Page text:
The perpetual lunacy and arrogance of our state government continues to amaze. Whether the issue is taking guns away from abusers, paying for decent public education and necessary infrastructure or supporting offshore oil exploration along our pristine coast, the folks in Columbia seem uninterested in either the facts or how their constituents feel.

Is there something in the water there that makes these people act the way they do? Even Mark Sanford figured out the right thing to do about offshore oil exploration after getting out of Columbia.

For me, DHEC’s clear violation of the law in its eagerness to pander to the interests of the donors who control the loyalty of the politicians who appoint and supervise them is the last straw.

All of the data suggest that there are no significant oil or natural gas reserves off our coast. Unburdened by these facts, however, the politicians and their lackeys at DHEC seem committed to degrading the coastal environment — our biggest economic driver — with virtually no chance for gain.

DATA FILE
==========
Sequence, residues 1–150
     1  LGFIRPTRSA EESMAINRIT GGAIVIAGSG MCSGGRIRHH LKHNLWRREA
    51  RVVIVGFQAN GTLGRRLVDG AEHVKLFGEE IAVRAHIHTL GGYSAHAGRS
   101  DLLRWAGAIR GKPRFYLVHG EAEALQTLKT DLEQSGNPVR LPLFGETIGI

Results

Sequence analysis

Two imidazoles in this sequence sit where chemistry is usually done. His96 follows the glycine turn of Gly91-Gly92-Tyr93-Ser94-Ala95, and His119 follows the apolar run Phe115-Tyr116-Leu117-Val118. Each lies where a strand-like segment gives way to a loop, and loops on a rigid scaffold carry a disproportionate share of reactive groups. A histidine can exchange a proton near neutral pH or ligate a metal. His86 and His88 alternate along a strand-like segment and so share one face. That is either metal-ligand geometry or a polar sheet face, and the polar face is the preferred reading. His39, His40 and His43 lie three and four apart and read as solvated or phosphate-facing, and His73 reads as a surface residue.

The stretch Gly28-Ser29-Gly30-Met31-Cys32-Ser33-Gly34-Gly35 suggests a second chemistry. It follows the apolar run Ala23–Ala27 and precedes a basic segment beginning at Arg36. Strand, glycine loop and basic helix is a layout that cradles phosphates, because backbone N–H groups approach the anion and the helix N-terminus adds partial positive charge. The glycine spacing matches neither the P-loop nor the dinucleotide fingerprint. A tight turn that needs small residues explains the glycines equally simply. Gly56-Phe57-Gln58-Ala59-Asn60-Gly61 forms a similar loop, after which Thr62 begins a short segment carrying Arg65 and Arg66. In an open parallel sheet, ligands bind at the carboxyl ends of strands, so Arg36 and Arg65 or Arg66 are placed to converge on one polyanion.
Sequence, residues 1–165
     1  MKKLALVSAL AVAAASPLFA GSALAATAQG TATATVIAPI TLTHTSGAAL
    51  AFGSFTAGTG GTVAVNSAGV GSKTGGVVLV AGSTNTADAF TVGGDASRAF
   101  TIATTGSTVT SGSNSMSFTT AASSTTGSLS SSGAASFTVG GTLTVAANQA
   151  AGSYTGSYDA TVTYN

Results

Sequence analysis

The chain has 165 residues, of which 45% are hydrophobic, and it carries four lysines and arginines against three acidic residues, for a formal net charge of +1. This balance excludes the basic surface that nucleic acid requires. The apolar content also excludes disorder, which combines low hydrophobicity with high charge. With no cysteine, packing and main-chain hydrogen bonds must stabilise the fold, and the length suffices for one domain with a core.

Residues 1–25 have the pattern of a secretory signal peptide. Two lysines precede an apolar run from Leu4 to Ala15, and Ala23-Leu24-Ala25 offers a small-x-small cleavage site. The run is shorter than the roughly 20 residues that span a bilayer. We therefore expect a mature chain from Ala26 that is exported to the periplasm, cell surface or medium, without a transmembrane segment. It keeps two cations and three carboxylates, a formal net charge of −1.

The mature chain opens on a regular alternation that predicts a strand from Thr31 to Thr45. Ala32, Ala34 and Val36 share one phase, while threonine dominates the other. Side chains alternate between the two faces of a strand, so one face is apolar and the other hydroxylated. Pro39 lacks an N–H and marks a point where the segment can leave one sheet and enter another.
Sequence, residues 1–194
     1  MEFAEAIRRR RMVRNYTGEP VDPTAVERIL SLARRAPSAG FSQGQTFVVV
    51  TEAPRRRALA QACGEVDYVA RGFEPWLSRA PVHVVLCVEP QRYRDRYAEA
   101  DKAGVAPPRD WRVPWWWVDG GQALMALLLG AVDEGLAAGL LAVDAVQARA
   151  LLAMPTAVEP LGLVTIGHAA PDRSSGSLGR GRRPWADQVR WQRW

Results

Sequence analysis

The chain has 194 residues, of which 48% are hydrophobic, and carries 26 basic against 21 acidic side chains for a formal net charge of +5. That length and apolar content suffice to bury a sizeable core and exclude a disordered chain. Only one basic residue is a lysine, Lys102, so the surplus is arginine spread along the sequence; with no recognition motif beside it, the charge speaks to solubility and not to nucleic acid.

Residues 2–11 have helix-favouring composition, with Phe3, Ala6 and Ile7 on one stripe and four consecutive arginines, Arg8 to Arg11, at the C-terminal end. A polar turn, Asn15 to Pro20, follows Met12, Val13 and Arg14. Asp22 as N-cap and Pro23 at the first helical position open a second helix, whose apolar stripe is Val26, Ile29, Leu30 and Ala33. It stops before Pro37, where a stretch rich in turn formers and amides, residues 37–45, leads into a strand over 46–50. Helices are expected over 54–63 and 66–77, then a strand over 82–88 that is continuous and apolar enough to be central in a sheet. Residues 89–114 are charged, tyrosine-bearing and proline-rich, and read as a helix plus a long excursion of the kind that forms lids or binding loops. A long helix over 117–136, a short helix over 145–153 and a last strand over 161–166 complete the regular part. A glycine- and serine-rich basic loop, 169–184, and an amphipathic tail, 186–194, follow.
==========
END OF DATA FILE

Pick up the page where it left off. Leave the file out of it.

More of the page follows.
More specifically, there is a less than 1 percent chance that oil or gas could be found offshore here; there is a 100 percent certainty, however, that going down the road to turn this state’s coast into something like the coasts of Texas or Louisiana will kill what made our state the draw that it is.

I visited South Padre Island before the Deepwater Horizon disaster. I was surprised to find in my room small packets of chemically treated wipes. When I asked what these were for, I was told they were to clean the tar balls off your shoes or feet if you went onto the beach.

I can tell you that they were needed; the beaches — touted by Texas as their best — were peppered with small black tar balls, brought ashore from “incidental” oil leaks from offshore rigs. Is this the future our “leaders” in Columbia see for coastal South Carolina?

Michael Koon

Middle Street

Sullivan’s Island